Moving on to FIG. 6, then, in that figure the movable storage unit 10 has moved sufficiently close to the blocking object 18 that the aisle sensor rod 54 on the right in the figure has contacted the blocking object. As the gap between the two has continued to close, the cam block 48 has been moved along the horizontal bars 52, compressing the springs 56. As that has happened, upper cam surface 48b has come into contact with cam follower 46, forcing the cam follower and indeed the entire connecting rod 32 downward, sufficiently to disengage latch 58 from latch hook 60. The cam follower 46 and connecting rod 32 are still supported by or resting on the lower cam surface 48a, so that binding wheel 30 is in non-binding position. If the movable storage unit 10 is later moved away from the blocking object 18, the binding wheel 30 will then be permitted to move down into binding position, as shown in FIG. 2.
As can be seen in FIG. 6, when the blocking object 18 is close to the movable storage unit 10, the cam block 48 will be in a position that will prevent cam follower 46, and hence upper extension 38 of connecting rod 32, from moving upward when unlock button 64 is pushed. Because there is only one unlock button for both sides of the movable storage unit 10, in order to permit latching on the other side, the junction bracket 40 must be provided with the ability to move upward when the unlock button 64 is pushed. This ability is provided by the fact that the upper extension 38 is connected to the junction bracket 40 by means of an upper retaining ring 72, attached to the upper extension just below an upper portion 40a of the junction bracket, a lower retaining ring 74 attached to the upper extension just above a lower portion 40b of the junction bracket, and a spring 76 captured about the upper extension between the lower portion of the junction bracket and the lower retaining ring. That way, when the unlock button 64 is pushed when the movable storage unit 10 is in the position shown in FIG. 6, the junction bracket 40 moves upward, compressing the spring 76, without moving the upper extension 38 substantially upward. When the unlock button 64 is released, the spring 76 pushes the junction bracket 40 back downward to its original position. The spring 76 must provide enough force to release latch 58 from latch hook 60, in the not unlikely event that they would engage together when the unlock button 64 is pushed and the junction bracket 40 lifted.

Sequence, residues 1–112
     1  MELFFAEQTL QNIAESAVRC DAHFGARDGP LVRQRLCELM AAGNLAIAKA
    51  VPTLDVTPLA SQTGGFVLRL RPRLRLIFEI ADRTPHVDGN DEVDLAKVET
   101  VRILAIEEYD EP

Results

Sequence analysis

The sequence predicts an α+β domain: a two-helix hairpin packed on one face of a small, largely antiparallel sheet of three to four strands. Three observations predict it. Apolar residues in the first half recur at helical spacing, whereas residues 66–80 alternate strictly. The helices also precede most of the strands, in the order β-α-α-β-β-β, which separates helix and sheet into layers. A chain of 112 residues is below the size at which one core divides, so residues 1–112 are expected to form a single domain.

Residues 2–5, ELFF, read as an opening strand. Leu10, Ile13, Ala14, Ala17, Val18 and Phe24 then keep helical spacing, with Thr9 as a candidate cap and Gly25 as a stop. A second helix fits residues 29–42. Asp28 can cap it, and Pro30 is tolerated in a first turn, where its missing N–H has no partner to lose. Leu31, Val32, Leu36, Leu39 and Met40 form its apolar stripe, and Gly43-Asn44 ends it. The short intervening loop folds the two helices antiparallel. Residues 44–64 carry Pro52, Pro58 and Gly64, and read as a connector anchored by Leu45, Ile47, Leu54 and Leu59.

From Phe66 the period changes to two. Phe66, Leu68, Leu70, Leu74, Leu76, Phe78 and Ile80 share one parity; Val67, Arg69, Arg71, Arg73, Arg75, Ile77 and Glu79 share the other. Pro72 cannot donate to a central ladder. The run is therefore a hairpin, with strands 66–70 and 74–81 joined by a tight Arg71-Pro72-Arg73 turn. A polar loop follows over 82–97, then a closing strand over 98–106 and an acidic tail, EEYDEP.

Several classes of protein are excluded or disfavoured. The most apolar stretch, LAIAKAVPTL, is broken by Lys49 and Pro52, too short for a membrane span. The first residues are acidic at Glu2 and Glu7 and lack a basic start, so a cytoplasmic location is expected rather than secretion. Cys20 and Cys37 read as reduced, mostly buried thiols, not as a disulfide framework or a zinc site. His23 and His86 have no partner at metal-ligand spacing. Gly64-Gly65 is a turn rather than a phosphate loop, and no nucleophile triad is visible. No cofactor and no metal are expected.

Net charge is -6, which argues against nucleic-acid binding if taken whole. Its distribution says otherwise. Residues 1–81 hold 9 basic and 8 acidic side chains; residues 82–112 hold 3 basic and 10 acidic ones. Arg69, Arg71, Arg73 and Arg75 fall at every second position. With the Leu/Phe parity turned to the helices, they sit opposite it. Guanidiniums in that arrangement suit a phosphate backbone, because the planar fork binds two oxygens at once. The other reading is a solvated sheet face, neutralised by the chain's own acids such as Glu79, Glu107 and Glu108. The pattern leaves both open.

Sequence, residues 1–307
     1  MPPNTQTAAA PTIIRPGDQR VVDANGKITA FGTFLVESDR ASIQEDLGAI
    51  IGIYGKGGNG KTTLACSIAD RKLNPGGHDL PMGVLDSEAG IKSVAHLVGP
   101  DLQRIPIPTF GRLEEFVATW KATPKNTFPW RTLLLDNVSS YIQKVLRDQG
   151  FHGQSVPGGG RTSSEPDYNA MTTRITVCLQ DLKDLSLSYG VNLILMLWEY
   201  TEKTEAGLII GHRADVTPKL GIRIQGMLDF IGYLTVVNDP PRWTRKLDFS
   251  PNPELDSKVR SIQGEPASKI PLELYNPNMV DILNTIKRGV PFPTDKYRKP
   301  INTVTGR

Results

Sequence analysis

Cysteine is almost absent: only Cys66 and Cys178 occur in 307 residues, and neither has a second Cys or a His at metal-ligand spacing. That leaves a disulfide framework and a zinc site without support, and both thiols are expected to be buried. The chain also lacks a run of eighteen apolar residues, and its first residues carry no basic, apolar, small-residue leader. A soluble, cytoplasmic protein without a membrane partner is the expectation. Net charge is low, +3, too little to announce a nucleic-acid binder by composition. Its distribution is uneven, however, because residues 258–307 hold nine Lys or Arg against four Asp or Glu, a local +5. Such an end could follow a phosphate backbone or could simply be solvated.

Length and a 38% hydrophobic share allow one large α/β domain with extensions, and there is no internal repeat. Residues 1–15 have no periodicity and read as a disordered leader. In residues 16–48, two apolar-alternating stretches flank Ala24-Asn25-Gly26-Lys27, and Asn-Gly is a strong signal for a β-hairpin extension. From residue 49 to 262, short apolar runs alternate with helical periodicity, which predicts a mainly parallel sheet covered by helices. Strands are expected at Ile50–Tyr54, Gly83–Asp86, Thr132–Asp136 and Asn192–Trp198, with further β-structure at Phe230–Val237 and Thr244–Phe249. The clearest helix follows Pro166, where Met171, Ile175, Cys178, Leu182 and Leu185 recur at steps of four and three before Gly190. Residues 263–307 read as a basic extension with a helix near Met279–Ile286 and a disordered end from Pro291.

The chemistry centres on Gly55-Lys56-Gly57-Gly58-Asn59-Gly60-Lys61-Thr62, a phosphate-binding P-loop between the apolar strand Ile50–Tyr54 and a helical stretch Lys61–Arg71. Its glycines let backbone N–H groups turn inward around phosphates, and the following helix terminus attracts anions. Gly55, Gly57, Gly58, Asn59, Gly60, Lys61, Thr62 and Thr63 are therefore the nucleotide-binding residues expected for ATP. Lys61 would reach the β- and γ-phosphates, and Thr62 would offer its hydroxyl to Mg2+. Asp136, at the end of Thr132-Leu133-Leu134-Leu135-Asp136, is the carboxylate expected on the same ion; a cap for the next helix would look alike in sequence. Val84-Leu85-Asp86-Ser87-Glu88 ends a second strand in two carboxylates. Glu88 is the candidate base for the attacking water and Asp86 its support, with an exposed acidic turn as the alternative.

As can be seen by comparing FIGS. 2 and 7, in the most preferred embodiment of the invention, the periphery of the clutch wheel 28 has a V-shaped opening in cross section, generally in the manner of a conventional V-belt pulley. Correspondingly, the periphery of the binding wheel 30 has a wedge-shaped cross section. Further, the surface presented to the binding wheel 30 by the binding block 34 also has a V-shaped opening when viewed in cross section or from the top or bottom. To provide the most friction, the wedge-shaped cross section of the periphery of the binding wheel 30 is or can be substantially complementary to the V-shaped opening cross section of the periphery of one or both of the clutch wheel 28 and the binding block 34. This improved friction between the binding wheel 30 and the clutch wheel 28 and/or binding block 34 further ensures that the binding wheel does indeed bind into the space between the clutch wheel and the binding block, effectively precluding movement of the movable storage unit in that direction.
In order to enhance the binding effect of binding wheel 30, the binding wheel is connected to the connector rod 32 by means of a slotted link 78. That is, the binding wheel 30 is journaled to the slotted link 78, which in turn is connected by a pin through a slot to the bottom end of the lower extension 36. This slotted link 78 permits binding wheel 30 to find its own best position for binding the clutch wheel 28, by permitting movement of the binding wheel in two dimensions, within limits, with respect to the connector rod 32. That is, the slot of slotted link 78 permits binding wheel 30 to move axially with respect the connector rod 32, and the pivotable attachment of the slotted link permits movement transversely.